September 26, 2007: Six bombs are found in Mumbai ahead of the victorious Indian cricket team’s arrival in the city from South Africa. The Mumbai police arrest two persons, Rajeev Govind Singh and Sumitra Badal Ray, with six low intensity bombs powerful enough to kill at least half a dozen people (The Times of India, Pune, September 27, 2007).
October 2007: The Latur district police seize ammonium nitrate and gelatine sticks worth Rs 14,72,000 from seven youth: Vikas Mawad, Kailas, Vinod, Dhananjay, Nitish, Mahesh and Ganesh (The Milli Gazette, November 16-30, 2007).
October 11, 2007: An individual named Dr Bafna is killed in a powerful blast in a village in Yeotmal district in Maharashtra. The deceased is said to have belonged to the RSS (The Milli Gazette, November 16-30, 2007).
October 15, 2007: Bombs are sent as Diwali gifts to some persons in Wardha. The police arrest four persons in this connection: Chintu alias Mahesh Thadwani, Jitesh Pradhan, Prakash Balve and Ajay Jivtode. However, the "mastermind" of this plan, Bandu Telgote alias "Laden", absconds (Dainik Bhaskar, November 3, 2007).
January 24, 2008: A bomb blast occurs at the RSS office at Tenkasi in the Tirunelveli district of Tamil Nadu. Following a thorny investigation, the Tamil Nadu police arrest eight persons belonging to various sangh parivar outfits. The police say that 14 pipe bombs were assembled and the operation commenced in July 2007. The arrested persons later confess that their objective was to create a communal divide (The Milli Gazette, February 16-29, 2008).
April 2008: During investigations into a minor riot involving two communities the police find that in Amerti village in Chopda taluka of Jalgaon district, deadly weapons such as pistols, swords, choppers, etc are being manufactured on a large scale. The investigation also reveals that a person named Shetty Phitewala, a resident of Samata Nagar and an active member of a communal party, trains youth in the use of weapons and shows them communally provocative films and CDs (The Milli Gazette, May 16-31, 2008).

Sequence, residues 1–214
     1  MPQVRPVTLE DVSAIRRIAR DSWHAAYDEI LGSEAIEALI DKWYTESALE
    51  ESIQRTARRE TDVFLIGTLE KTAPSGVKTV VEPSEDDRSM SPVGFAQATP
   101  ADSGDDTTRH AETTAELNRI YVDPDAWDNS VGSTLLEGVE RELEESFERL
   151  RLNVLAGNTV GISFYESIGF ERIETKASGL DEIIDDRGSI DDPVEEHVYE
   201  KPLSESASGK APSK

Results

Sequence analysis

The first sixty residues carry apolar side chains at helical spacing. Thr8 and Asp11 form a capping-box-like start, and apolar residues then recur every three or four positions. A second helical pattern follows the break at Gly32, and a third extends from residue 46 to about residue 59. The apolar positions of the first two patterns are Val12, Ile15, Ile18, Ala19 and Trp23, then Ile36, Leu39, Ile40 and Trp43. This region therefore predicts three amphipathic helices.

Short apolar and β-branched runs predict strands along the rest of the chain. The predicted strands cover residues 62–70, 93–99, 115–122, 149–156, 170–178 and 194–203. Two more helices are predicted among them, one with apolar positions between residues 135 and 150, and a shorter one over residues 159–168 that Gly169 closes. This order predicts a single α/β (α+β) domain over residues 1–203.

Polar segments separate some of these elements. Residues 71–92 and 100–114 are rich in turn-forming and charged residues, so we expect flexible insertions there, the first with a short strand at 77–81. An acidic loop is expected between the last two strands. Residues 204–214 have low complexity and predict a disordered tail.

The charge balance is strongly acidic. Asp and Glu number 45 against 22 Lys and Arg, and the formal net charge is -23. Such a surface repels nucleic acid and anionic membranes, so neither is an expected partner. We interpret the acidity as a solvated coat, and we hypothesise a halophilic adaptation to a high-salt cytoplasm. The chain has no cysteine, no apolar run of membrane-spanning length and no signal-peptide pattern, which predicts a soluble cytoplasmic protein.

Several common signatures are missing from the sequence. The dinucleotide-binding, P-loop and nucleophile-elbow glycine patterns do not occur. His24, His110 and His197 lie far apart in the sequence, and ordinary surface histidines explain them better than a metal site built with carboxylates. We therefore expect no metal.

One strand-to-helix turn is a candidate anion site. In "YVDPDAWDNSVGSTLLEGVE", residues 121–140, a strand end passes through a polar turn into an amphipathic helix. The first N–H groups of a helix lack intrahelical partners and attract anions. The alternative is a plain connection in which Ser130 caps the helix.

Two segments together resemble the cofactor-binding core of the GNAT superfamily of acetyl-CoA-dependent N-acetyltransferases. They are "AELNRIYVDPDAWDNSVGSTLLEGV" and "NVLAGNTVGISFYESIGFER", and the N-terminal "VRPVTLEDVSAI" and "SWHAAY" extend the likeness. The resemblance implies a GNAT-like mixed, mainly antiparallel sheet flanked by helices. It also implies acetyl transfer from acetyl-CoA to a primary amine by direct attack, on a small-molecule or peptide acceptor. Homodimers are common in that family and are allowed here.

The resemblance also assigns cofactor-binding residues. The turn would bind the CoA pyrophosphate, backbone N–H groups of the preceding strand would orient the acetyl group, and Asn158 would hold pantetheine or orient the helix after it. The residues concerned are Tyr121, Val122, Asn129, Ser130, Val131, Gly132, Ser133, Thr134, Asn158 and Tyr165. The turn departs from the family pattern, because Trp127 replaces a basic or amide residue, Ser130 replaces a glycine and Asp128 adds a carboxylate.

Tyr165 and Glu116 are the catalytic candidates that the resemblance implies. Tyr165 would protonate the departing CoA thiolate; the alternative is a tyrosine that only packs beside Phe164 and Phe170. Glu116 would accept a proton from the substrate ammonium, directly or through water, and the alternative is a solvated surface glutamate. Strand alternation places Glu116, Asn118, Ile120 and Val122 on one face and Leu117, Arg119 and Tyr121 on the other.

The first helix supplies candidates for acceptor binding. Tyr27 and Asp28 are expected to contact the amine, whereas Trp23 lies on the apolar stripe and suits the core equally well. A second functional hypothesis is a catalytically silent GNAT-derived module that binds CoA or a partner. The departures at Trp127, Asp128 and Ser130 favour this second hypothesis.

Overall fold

April 17, 2008: The Malegaon police raid a pathological laboratory situated in the basement of a private hospital and recover five live RDX explosives, three used RDX explosives, one pistol, a laptop, a scanner, two mobile phones, four fake currency notes and some money. They arrest three persons, Nitish Ashire, Sahebrao Dhurve and Jitendra Khema, all belonging to an unknown organisation (The Milli Gazette, May 1-15, 2008).
July-August 2008: Pramod Mutalik of the Rashtriya Hindu Sena (RHS), an offshoot of the RSS, forms an anti-terrorist squad, Rashtra Raksha Sena, in Karnataka, consisting of 700 persons from all over the state and 150 persons from Bangalore alone. Mutalik claims he has set up the team to weed out terrorism from the state (Pune Mirror, August 23, 2008).
October 2, 2008: In Talegaon Dabhade, Pune district, the VHP and Bajrang Dal organise a "Durga Mata Daud" (rally) during the 10-day Dussehra festival. Youngsters carrying swords, lathis and flags participate (Lokmat, Pune, October 4, 2008).
Several such rallies were also organised elsewhere in Maharashtra, in which swords, torches, trishuls and lathis were carried and provocative slogans against Muslims were shouted. The largest such rally was held in Sangli where about 5,000 people participated.
November 9, 2008: The police recover seven live crude bombs from Manjargaon village in Badlapur taluka in Maharashtra’s Jalna district. One person is arrested (The Indian Express, Pune, November 11, 2008).
November 10, 2008: In Kerala’s Kannur district, two RSS activists are killed in a blast that occurred while they were assembling a bomb. The following day the police recover 18 crude bombs from the house of BJP leader, Prakashan, not far from the spot where the two persons were killed (The Indian Express, Pune, November 11, 2008 and The Times of India, November 13, 2008).
November 11, 2008: ULFA chairman, Arbinda Rajkhowa alleges that the RSS was behind the deadly blasts in Assam on October 30 as well as the ethnic violence in the Bodoland Territorial Areas Districts (BTAD) which claimed 140 lives (85 in the blasts and 55 in ethnic violence). He claims that ULFA has enough evidence to prove the RSS’s involvement in the blasts. A few months earlier, in its mouthpiece, Freedom, ULFA had also referred to secret directives allegedly sent by the RSS to carry out blasts in different parts of the country (DNA online, November 11, 2008).